The power of a changed life; that’s what Charles Dickens’s “A Christmas Carol” is all about. Most of us have at least heard the story, read the book, seen a movie, or gone to a play production. Here at Fairview, we have put on a production of the story every other year for many years now. Of course, the words “Bah! Humbug!” are always associated with one Ebenezer Scrooge, the title character. As the narrator describes him at the beginning of the story, Scrooge was a tight-fisted, squeezing, wrenching, grasping, scraping, clutching, covetous old sinner! Not exactly the adjectives any of us would like to be associated with.
As the story unfolds, Scrooge is visited by four spirits; the first, the spirit of his dead partner Jacob Marley and the other three representations of Christmas past, present and future. As Scrooge remembers some of the goodness of his younger days, particularly the kindness of Mr. Fezziwig, the master he apprenticed under, he begins to compare how he was treated with how he has treated his own apprentice, Bob Cratchet.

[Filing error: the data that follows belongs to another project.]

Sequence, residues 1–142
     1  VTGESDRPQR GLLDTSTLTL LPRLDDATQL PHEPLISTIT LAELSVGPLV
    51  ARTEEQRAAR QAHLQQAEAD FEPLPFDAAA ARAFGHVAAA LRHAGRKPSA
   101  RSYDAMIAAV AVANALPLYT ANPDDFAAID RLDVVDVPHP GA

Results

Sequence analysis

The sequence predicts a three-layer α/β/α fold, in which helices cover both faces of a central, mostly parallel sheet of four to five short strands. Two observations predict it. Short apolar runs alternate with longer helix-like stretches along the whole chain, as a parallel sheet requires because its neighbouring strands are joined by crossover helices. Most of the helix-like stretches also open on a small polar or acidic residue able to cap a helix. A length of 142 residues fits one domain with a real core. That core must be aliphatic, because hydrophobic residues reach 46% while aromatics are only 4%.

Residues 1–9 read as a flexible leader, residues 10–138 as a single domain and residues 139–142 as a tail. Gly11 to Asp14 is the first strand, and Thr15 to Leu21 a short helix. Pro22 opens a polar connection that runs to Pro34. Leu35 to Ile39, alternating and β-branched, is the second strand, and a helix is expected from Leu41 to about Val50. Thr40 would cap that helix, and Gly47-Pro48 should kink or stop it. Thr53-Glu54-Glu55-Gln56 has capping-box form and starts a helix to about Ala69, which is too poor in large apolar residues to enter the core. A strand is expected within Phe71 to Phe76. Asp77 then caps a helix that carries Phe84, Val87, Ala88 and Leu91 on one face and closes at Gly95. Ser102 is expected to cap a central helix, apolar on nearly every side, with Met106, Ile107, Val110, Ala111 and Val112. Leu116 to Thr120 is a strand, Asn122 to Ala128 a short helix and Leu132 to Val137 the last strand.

The Spirit of Christmas Present continues Scrooge’s “reclamation” by showing him first how Bob Cratchet refuses to speak ill of him and then how his own nephew wishes him well, even when others are not so kind. The Spirit forces him to look squarely at his lonely, miserable life and one can begin to see chinks appearing in the thick armor he has used to protect himself for so many long years.
Scrooge finally comes face to face with his own mortality when the Spirit of Christmas Yet to Come shows him what might be. As he faces the wretchedness of his own life, he begins to change. He cries out is desperation “Spirit, hear me” I’m not the man I was. I WILL NOT be the man I was! . . . Good Spirit, assure me that I many yet change these shadows you have shown me, by an altered life!” He then falls to his knees and states “I know that my meager works cannot save my wretched soul.” Perhaps, for the first time in his life, Scrooge realizes that he can be a better person.
The Fairview production of “A Christmas Carol” ends with the words of the storyteller. He tells us that “Scrooge was better than his word. By the grace of God, his life WAS changed.” I’m not entirely sure that this ending is what Dickens had intended, but I like it. Scrooge himself realizes that he cannot save his soul by works alone and then the storyteller reminds us that it is only the Grace of God that can bring about true change. As we let that thought seep into our very being, may we echo the words of Tiny Tim “God bless us, everyone!”